Somewhere at some point in time someone decided that the only kind of music little kids like is the kind with the most annoying singing, the must mundane melodies, and the stupidest motions to go along with the horrible earworms that this music produces. Sure, a lot of it is educational and relies heavily on the positive side of life and appropriate character development and whatnot, but for the millions of parents and adults out there who are subjected to this incredibly annoying medium, it tends to drive them crazy. I do not have kids, nor am I anywhere near close to having them at this time in my life. However, I am an uncle to three of the greatest nieces I suspect any uncle can have and I am treated to several visits to them throughout the year. My brother Mike is father to two of the older ones who are 6 and 4 years old. Over the past few years as I have visited his family, I have been introduced to the music of Justin Roberts who for the past 15 years has not only been creating some of the best pop music for kids, but has been writing some of the best straight up pop songs period.
Now I don’t mean to say that I own any his albums or that he’s become a favorite artist of mine, but I will say that when I hear the melodies, harmonies, choruses, and bridges within his songs, it’s nearly impossible for a smile not to come to my face. There is no way I should like kids’ music this much. The guy draws from rock, pop, folk, country, punk, and ska and just writes some phenomenal pop songs. When my brother informed me that he’d be taking the family to see him during my spring break visit, I couldn’t pass it up.
Roberts tours the country and at each venue he plays, he sets up a number of shows in the morning and afternoon. This particular venue in Vienna, Virginia showcased three shows on a Saturday and we attended the final show which kicked off at 2:30 at the Jammin’ Java. The stage was small and the floor was filled with fold-up chairs for the adults while a small space was reserved up front for the little kids to form their own mosh pit (which basically consists of them just jumping up and down waving their arms in the air). The venue appeared to be mainly a coffee shop and I was all ready to get some coffee when my brother suggested that we just get some beers. We were a little suspect of this since it was a kids’ show and didn’t know if they’d be serving at this time. When I went up to the bar and asked the bartender if they were serving alcohol, the woman next to me emphatically retorted “Heck yes they’re serving alcohol!” Evidently, a rock concert put on for scores of little kids is the perfect place to be serving booze. So yeah, my brother and I got a little tipsy at a Justin Roberts show. And as I was ordering a second round, I was asked by my sister in law to pick up some apple juice and Goldfish crackers for my niece. I turned to the bartender and said “I’m about to make an order that I never have before”.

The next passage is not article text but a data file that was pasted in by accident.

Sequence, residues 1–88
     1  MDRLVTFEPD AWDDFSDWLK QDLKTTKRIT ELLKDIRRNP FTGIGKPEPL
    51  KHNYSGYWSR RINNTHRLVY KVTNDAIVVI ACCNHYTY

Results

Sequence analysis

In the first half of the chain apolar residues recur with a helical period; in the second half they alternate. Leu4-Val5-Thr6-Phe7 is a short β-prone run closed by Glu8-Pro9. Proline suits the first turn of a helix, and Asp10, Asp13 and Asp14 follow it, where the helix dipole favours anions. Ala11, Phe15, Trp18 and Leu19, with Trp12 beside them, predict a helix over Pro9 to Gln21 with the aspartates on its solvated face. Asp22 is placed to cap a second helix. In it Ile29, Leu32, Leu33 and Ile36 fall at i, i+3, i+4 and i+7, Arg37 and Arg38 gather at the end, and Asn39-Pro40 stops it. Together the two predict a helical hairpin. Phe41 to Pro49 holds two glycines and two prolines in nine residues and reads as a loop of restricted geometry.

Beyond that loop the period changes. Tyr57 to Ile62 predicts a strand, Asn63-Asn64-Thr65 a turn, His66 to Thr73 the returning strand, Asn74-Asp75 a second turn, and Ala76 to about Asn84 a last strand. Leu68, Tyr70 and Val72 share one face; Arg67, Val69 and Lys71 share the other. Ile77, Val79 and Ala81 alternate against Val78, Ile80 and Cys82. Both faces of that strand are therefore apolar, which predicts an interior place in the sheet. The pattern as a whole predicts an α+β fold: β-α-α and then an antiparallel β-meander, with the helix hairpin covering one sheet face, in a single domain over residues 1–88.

The show itself was a blast. Roberts and the Not Ready for Naptime Players (one drummer, and one bass player) played about an hour and never lost any energy. They talked with the kids in the mosh pit, took requests (one from my niece), invited kids to sing and dance along, and even put on a few very funny puppet shows. They also did an excellent job of throwing in comments about classic rock musicians and songs (Van Morrison, Deep Purple, Bob Dylan to name a few), which I’m sure was a calculated effort to include the adults into the show. They played very tightly together and their harmonies were spot on. I kept smiling throughout the show. No way did I ever think that music for kids could sound this good.
The show prompted several conversations between Mike and me mainly centered on what makes a great pop song. In some ways, it’s hard to describe. It’s not like Roberts was inventing any new chords or chord progressions. There were no groundbreaking moments in any of the songs. But there is something about his writing style that although geared for kids, can still hold up amongst other great adult pop songs. Mike had a lot to say about the bridges of the songs and of pop songs in general and how a great bridge can make a good song great. I think that’s a fairly true statement, but there is more to Roberts’s songs than just the bridges. They’re just great all around. And I don’t think there is any scientific formula you can put to this to distinguish a crappy pop song from a great one. It’s just another one of those mystifying aspects of music and art in general. But if I can be certain of anything after leaving this show, it’s that if I ever have kids, there is no doubt that I will expose them to a ton of music by the Beatles and Justin Roberts. With a foundation like that, the rest will take care of itself.